Aminé reminds listeners that famous people are still human
When people are a kid, they look at life in their 20s and think by then they’ll be married with kids in a big home living a happy life. For those fortunate, congratulations. However, the reality of many of people is the complete opposite. People are still trying to figure out themselves and who they are amidst the ever-changing world. For Adam Aminé Daniel, that feeling, despite his newfound fame, is still present. Under the name Aminé, the Portland rapper garnered mainstream attention with his debut single, “Caroline” in 2016. Shortly after, he released his first album, Good For You, which showcased his carefree and vibrant character. With another LP drop after his debut, a small acting role on HBO’s Insecure, a gold album plaque and over 10 million monthly listeners on Spotify, one would think the 26-year-old would have his next couple of years set and ready. With the release of Limbo, Aminé reminds people that even with all these accolades, he is still human and does not have it all figured out.
Aminé has never been one to hide his feelings. He’s expressed his struggles with anxiety several times throughout his music. Even still, his vulnerability wasn’t completely demonstrated until Limbo. The album is a lot darker, not specifically sonically, but lyrically as well. When asked about this difference he told Vulture, “Limbo is me becoming an adult, and being an adult is hard. It’s not something that’s super-carefree and bright. It’s something that needs to be taken seriously.” The track that highlights this more is “Kobe” which actually comes in the form of a skit by Jak Knight. He says, “It weirdly, like, fast-forwarded my maturity…Like, I felt like a piece of my childhood go with that nigga.” Even though Jak is the one speaking these words, the previous song, “Woodlawn,” emphasizes the impact Kobe had on Aminé by saying, “You was like a dad to a nigga.”
While the death of Kobe Bryant definitely had an impact on the rapper, he also gives appreciation and gratitude to his mother with his song “Mama.” Here he expresses how grateful he is for everything she has done for him and how life can be difficult without her there. “First year I moved out, I was strugglin’/ Didn’t wanna tell ‘cause I know that you be worryin’.” With tracks like “Woodlawn,” “Kobe” and “Mama,” people are able to get a better idea of how Aminé views adulthood and how situations like death and presence affect one later in life.
An integral part of growing up also involves love and relationships. Finding a partner and the time spent together is always a wild card and Aminé explores different aspects of relationships on the tracks, “Can’t Decide,” “Compensating” and “Easy.” “Can’t Decide” is a guitar focused RnB sounding track that discusses the uncertainty that comes with a relationship that does not exactly have a title to it. “Compensating” is the third single from the album that features Young Thug. In a video with Genius, he breaks down the whole concept of the song and where he got the idea from, “I thought the person I was dealing with was compensating for their feelings and they weren’t being truly upfront with me and weren’t being honest with me.” He also mentions how the bubbly rap-singing beat was actually sent to Young Thug at first who had a similar concept already written to it.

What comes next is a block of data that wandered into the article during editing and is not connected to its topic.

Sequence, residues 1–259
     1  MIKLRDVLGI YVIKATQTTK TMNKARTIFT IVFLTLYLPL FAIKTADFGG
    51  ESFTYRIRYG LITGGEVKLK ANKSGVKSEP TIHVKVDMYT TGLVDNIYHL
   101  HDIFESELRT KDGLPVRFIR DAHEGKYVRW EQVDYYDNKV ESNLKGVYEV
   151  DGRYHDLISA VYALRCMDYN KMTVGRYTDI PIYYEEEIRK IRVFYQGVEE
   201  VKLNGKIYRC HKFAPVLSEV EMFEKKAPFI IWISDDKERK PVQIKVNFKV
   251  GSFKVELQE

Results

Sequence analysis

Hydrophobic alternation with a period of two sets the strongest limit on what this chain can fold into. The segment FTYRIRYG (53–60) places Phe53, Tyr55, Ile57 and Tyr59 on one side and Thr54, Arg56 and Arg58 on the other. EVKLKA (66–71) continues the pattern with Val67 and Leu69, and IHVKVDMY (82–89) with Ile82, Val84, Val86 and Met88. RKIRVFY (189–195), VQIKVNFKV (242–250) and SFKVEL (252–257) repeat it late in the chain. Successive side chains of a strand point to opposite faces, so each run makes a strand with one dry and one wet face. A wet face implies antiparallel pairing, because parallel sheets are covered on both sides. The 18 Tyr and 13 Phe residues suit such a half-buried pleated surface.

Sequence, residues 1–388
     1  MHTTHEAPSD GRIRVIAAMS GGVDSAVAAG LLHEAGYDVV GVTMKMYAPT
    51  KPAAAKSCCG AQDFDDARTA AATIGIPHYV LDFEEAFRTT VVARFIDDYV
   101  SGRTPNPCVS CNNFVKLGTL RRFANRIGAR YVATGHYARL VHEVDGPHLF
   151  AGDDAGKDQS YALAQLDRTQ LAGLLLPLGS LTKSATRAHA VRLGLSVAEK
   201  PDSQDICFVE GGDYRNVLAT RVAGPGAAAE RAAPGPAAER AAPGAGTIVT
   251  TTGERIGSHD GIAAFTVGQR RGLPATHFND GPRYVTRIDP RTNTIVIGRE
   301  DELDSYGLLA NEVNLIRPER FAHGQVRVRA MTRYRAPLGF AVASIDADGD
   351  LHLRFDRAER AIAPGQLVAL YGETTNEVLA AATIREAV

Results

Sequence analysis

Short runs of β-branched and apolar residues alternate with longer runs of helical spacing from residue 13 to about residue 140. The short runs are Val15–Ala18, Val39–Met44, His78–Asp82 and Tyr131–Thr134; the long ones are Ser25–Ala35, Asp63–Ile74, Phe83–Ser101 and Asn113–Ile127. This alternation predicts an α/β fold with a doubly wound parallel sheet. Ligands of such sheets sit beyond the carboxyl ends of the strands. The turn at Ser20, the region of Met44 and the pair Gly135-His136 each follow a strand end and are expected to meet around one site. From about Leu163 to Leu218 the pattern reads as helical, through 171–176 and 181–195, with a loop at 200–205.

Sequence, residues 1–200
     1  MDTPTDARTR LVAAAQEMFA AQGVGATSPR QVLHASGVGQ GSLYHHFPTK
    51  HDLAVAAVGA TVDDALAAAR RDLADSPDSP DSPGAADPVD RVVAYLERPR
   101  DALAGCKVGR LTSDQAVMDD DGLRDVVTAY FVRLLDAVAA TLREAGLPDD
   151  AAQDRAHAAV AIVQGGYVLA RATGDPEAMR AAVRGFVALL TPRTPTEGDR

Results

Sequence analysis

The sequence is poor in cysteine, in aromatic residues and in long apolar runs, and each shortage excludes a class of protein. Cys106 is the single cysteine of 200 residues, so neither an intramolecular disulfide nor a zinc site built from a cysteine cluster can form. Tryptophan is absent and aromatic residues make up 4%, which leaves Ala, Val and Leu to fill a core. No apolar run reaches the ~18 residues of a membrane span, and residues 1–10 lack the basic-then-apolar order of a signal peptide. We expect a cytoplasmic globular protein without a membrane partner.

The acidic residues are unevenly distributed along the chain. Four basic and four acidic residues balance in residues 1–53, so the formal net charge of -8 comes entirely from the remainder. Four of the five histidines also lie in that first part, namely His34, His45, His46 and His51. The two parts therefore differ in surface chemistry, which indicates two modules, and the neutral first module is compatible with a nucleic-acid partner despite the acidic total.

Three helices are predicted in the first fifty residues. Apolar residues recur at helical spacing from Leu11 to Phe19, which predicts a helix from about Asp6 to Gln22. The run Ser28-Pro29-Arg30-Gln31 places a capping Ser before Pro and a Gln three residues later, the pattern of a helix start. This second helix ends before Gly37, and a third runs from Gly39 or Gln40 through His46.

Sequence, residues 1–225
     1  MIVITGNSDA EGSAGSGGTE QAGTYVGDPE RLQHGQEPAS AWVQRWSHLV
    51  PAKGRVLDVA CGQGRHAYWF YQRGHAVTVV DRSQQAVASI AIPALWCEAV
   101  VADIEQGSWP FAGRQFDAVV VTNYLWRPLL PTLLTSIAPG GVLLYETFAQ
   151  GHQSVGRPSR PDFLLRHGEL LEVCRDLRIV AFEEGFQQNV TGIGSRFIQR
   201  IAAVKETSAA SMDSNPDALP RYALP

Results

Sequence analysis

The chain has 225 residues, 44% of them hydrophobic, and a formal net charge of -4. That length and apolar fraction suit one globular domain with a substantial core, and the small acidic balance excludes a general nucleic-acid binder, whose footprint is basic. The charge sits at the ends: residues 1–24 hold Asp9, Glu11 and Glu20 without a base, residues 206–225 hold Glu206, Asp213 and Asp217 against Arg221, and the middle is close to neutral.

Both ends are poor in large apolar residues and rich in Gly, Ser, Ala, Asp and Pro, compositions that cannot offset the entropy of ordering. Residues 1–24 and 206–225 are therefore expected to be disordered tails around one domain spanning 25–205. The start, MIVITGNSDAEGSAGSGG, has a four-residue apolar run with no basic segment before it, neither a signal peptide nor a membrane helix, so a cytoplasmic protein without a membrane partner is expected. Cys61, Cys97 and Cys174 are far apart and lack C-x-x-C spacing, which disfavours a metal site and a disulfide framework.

“Easy” features RnB artist, Summer Walker, who delivers vocals that blend well against the rapper’s. The two exchange and harmonize on lines about how love isn’t something that can just happen with no issues. There are trials and tribulations that come with it, but life isn’t supposed to be easy either so don’t lose hope. As people get older, situations occur that make it harder to find love that is abundant and simple. Aminé is able to express that effortlessly within these three distinct sounding tracks.
Sonically, it’s Aminé’s best produced project; each one getting better than the next. Producers on this album include the likes of his own producer, Pasque, Parker Corey of Injury Reserve (who is also featured on the album) and Drake producers Boi-1da, Vinylz and T-Minus. It gives the album a good balance of charismatic off-trap and rap-singing moody beats. Elements of his previous works are often found in the adlibs and choruses mainly using pitch variations.
Overall, Limbo still remains true to who Aminé is when he debuted, just a mature version. He is still the same happy-go-lucky artist when he was singing about that bad thing named Caroline. While focusing on this unsure transition into adulthood, he is still able to punch out clever flows with witty bars on pop culture references. They have a good balance of having fun, finding love and adulting that many young people navigating life right now can relate to.